Towards an Anthropology of Buddhism

Sat., Aug. 23rd, 09:00-17:00


Discussant: Gellner, David (University of Oxford, Oxford, GBR)

 

Becoming Buddhist Anew. Some Remarks about a Buddhist Ritual Initiation

Brac de la Perrière, Bénédicte (CNRS, Paris, FRA)

In this paper, I will examine a ritual of initiation involving Burmese Buddhist laypeople, men or women, on their way to enter in a Buddhist esoteric congregation. The ritual will be analyzed against existing anthropological analysis of transitional rituals in order to show how belonging to a specific community of practitioners is built in the ritual to create the realization of a new “truly” Buddhist identity. This realization may be said to be equivalent to an “internal” conversion. Furthermore, the contrastive use of ritualism will be commented upon with the aim to identify a tendency in the Burmese religious field to differentiate in a marked way specific fields of practices qualified in Burmese as “lines” or “paths”.

 

The Buddhist Gift and the Making of Moral Worlds: Perspectives on Different Forms and Modes of Giving in a Tibetan Context

Caple, Jane (University of Manchester, Manchester, GBR)

Anthropological and historical studies of Buddhism have shown the Buddhist gift to be central to our understanding of Buddhist societies. A significant strand of this work has examined the social and economic functions of religious donation, conceptualising it as working according to the moral logics of an ‘economy of merit’, a regime of value that reproduces and reinforces social and economic hierarchies (see e.g. Spiro 1982, Mumford 1989, Clarke 1989, Cole 1998, Gutschow 2004, Rozenburg 2004, Berkwitz 2006). This paper aims to look beyond the political and economic stakes of religious donation to consider its moral stakes, in other words the ways in which practices of giving (as acts of moral consequence) relate to the (re)making of local moral worlds. It thus follows the recent ‘moral turn’ in anthropology by seeking to take morality seriously as a distinct aspect of the human condition and of social life (see e.g. Barker 2007, Heintz 2009, Fassin 2012). It approaches this through the situated local context of a contemporary Tibetan society in the People’s Republic of China and is based on the analysis of narratives collected 2008-2014. Narratives, as Zigon (2008) argues, both shape and are shaped by local moral worlds and give us a rare opportunity ‘to see and hear the articulation of competing and contesting moral perspectives’.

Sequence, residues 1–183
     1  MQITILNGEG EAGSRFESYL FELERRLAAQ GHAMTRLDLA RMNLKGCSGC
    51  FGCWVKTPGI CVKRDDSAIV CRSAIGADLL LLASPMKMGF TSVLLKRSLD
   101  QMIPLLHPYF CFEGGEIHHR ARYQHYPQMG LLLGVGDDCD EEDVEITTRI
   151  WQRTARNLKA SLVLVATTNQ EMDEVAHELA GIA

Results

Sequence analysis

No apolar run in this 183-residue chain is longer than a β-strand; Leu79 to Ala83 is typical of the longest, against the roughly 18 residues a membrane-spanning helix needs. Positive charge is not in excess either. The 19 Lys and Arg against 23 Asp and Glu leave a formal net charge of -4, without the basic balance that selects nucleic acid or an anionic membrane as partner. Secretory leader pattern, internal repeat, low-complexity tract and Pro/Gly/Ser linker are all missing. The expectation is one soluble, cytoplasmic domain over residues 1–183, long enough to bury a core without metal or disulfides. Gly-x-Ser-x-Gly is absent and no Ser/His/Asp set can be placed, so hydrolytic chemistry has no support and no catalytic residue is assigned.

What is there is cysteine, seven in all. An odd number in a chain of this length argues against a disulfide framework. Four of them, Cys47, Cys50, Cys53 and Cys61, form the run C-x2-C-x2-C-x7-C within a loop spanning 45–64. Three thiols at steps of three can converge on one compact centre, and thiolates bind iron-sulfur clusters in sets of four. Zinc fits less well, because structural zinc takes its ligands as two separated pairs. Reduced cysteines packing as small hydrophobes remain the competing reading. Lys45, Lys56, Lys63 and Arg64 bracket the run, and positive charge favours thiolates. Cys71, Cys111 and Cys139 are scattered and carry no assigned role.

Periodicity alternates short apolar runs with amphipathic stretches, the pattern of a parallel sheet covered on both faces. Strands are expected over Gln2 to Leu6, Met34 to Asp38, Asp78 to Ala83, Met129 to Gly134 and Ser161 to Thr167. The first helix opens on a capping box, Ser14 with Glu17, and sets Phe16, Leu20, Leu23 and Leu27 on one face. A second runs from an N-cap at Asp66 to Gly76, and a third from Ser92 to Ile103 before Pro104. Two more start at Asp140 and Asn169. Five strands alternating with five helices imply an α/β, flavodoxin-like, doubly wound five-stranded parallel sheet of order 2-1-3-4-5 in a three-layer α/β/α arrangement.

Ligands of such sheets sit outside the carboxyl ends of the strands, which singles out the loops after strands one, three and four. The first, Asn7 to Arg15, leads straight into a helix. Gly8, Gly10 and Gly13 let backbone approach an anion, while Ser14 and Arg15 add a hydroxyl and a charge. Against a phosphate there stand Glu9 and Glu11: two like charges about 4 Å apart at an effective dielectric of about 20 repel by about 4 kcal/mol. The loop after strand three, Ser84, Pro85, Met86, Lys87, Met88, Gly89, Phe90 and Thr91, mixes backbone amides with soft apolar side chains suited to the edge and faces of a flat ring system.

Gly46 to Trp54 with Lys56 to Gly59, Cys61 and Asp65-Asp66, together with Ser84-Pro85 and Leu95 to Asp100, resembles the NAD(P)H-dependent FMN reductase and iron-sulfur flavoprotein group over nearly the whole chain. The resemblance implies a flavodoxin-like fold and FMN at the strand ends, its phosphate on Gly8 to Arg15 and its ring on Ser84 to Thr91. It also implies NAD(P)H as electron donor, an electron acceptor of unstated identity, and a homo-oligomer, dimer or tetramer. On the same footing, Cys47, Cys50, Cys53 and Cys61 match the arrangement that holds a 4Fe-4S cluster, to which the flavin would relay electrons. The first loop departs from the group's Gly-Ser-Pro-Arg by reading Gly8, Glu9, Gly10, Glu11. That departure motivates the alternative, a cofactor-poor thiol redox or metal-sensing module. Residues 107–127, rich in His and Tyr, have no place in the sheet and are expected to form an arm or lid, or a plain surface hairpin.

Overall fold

Firstly, the paper will examine the range of practices understood by local people as forms of giving to ‘their’ monasteries. These include practices which the existing anthropological literature has widely understood to be religious donation, such as the sponsorship of a new temple or large-scale monastic ritual or the gifting of food to monks. However, they also extend to practices that have as yet been little explored, such as shopping in a monastery shop. Within these different forms of giving we can also discern a range of modes, from spontaneous acts of giving to highly organised and collective contributions. Secondly, the paper will explore how these different forms and modes of giving are being understood, evaluated and/or distinguished by monks and lay people. What are the moral logics, underlying values, tensions and contradictions that their perspectives can reveal? How do these fit with our existing understanding of the ethics of the ‘Buddhist gift’? What are the frames of reference within which ethical reflections and moral judgements are being made? Finally, what is at stake? My interlocutors are living through a time of rapid social and economic change, perceived by many to be morally troubled. Based on previous studies, such as those by Robbins (on the Urapmin) and Zigon (on Russia), we would therefore expect to see actions bearing a strong sense of moral weight. Is this the case? If so, is the moral significance of different forms and modes of giving limited to processes of individual ethical self-cultivation? Or does it extend beyond the individual to the making of institutions and communities into the kind of moral beings people feel and hope that they should be?

 

The Paradoxical Place of Meditation in South Korean Lay Buddhism

Galmiche, Florence (Université Paris Diderot, Paris, FRA)

The development of meditative practices among lay people is regarded worldwide as one of the characteristics of contemporary Buddhism. South Korea is by no means an exception to this trend. The spirit of the so-called “Buddhist modernism” has significantly influenced Buddhist practices and values in Korea and meditation is widely praised – both by monastics and the laity – as a rational form of religious engagement, compatible with modernity. An ethnographic study of this phenomenon shows however a very contrasted if not paradoxical position of meditative practices among lay Buddhists.

The main (and monastic) Buddhist institutions are now actively promoting the Kanhwa sŏn (看話禪) form of meditation as the hallmark of Korean Buddhism. In line with this orthodox view and discourse, temples are urging lay devotees to “become real and correct Buddhists” and to turn to meditation. Among the laity, meditation is undoubtedly lauded and attracts a lot of attention: the books, broadcasting programs, conferences, classes and retreats that deal with this topic are quite successful. However, one can also hear many expressions of embarrassment and dismay among Buddhists when it comes to their actual practice of meditation. For the general temple public, mostly women over 40, meditation is praised and can be a common topic of discussion, but it is also kept at distance as something intimidating, even sometimes regarded as “out of one's reach”. For the public of meditation classes – which represents a different balance in terms of age and gender – this meditation practice has been more directly experienced but remains nonetheless frequently described as something difficult to access, whose instructions are not completely available to a lay audience. Whether or not they are doing meditation themselves, a majority of lay Buddhists still associate this activity with a monastic lifestyle and regularly point out the gap between its requirements and their everyday “mundane” life.